An exemplum (Latin for "example", pl. exempla, exempli gratia = "for example", abbr.: e.g.) is a moral anecdote, brief or extended, real or fictitious, used to illustrate a point. The word is also used to express an action performed by another and used as an example or model.

A page from Libro de los exemplos por a. b. c. [es] by Clemente Sánchez de Vercial [es]

Exemplary literature


In late-medieval literature and sermons exempla were didactic moral teachings, usually based on saints' lives or other people who exemplified a moral ideal. In some cases, an exemplum could be a symbolic natural phenomenon - like Etienne de Bourbon's book depicting an earthquake as divine punishment for the "sin against nature".

Collections of exempla[1] helped medieval preachers to adorn their sermons, to emphasize moral conclusions or illustrate a point of doctrine. The subject matter could be taken from fables, folktales, legends, real history, or natural history. Jacques de Vitry's book of exempla, c. 1200, Nicholas Bozon's Les contes moralisés (after 1320), and Odo of Cheriton's Parabolae (after 1225) were famous medieval collections aimed particularly at preachers.[2] Geoffrey Chaucer's The Miller's Prologue and Tale became a vivid satire on this genre. There were also notable lay writers of moral tales, such as the 13th-century Der Stricker and the 14th-century Juan Manuel, Prince of Villena (Tales of Count Lucanor). Examples dealing with historical figures include:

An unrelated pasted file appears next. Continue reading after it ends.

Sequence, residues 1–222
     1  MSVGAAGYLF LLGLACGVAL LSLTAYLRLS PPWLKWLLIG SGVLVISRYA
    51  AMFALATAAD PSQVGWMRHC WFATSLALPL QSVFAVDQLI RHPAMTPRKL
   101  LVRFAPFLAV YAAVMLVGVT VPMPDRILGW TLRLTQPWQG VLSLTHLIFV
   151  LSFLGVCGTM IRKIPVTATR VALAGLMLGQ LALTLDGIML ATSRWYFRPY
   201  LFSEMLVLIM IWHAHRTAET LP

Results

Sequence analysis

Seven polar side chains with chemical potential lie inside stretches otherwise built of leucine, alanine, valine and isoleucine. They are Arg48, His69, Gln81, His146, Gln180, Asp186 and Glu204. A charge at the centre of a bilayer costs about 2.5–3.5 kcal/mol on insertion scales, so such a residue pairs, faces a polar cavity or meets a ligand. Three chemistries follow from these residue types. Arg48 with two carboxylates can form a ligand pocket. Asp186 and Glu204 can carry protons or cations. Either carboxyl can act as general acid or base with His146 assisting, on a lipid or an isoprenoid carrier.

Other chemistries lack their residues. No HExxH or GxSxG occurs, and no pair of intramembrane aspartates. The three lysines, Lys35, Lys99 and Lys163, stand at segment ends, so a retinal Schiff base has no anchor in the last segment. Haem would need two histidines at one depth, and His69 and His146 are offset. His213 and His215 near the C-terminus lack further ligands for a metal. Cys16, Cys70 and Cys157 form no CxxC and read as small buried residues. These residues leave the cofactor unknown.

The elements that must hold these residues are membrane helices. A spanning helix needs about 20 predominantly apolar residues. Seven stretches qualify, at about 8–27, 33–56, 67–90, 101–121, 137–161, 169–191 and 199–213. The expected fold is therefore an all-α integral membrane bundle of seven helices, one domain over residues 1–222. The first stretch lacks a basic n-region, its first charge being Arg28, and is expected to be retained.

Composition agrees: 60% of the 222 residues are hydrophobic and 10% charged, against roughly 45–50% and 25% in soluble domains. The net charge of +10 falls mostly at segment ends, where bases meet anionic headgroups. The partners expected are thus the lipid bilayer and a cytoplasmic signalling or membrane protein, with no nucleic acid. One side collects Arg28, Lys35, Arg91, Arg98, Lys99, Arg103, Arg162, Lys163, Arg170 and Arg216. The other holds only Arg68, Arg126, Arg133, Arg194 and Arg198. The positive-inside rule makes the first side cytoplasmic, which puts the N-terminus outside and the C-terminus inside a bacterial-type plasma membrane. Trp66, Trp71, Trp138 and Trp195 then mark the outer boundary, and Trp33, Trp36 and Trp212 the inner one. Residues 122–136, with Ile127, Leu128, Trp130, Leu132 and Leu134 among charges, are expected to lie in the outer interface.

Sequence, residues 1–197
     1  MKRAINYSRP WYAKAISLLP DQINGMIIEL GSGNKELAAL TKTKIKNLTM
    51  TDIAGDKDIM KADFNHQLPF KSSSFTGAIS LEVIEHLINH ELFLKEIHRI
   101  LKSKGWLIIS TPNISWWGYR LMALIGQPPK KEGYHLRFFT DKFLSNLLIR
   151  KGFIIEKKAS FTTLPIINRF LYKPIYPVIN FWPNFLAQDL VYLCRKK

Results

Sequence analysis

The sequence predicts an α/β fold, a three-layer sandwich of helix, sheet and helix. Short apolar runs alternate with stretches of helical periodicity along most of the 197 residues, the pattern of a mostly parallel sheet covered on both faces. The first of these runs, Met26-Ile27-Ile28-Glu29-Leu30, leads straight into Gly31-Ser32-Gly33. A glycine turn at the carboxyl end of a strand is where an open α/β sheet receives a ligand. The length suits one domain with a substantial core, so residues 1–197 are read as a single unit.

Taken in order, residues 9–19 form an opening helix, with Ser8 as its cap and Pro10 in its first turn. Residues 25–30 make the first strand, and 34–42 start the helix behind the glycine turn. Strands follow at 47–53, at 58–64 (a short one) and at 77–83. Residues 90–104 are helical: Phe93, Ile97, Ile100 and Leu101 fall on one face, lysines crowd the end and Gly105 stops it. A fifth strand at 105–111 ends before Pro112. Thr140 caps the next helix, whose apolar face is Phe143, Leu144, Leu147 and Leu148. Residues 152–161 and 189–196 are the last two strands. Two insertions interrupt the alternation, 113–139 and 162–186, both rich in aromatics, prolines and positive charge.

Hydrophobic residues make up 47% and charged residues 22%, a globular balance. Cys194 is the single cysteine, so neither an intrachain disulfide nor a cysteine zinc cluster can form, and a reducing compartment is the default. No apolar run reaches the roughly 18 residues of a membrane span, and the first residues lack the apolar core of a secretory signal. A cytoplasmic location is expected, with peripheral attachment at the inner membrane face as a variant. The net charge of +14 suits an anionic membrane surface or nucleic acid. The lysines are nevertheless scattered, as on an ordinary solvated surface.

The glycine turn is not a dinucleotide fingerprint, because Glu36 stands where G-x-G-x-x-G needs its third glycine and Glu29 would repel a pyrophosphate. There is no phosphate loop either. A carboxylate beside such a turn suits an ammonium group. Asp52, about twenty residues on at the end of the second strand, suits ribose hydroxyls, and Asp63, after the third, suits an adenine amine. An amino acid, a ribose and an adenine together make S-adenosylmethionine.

Three examples of exempla


The Norton Anthology of Western Literature includes three exempla (singular, exemplum), stories that illustrate a general principle or underscore a moral lesson: "The Two City Dwellers and the Country Man" and "The King's Tailor's Apprentice" (both from The Scholar's Guide) and "The Cursed Dancers of Colbeck."

"The Two City Dwellers and the Country Man"


In "The Two City Dwellers and the Country Man," told by the father, the three traveling companions of the tale's title are on a pilgrimage to Mecca. Near their destination, their provisions are nearly depleted, and the two city dwellers attempt to cheat the country man by telling him that whoever of them dreams the most extraordinary dream shall get the last of their bread.

As the city dwellers sleep, the country man, alert to their intended deception, eats the half-baked bread before retiring.

The city dwellers relate their made-up dreams. One says he was taken to heaven and led before God by angels. The other says that angels escorted him to hell.

The country man says he dreamed the same things that his companions dreamed and, believing them to be forever lost, one to heaven and the other to hell, ate the bread.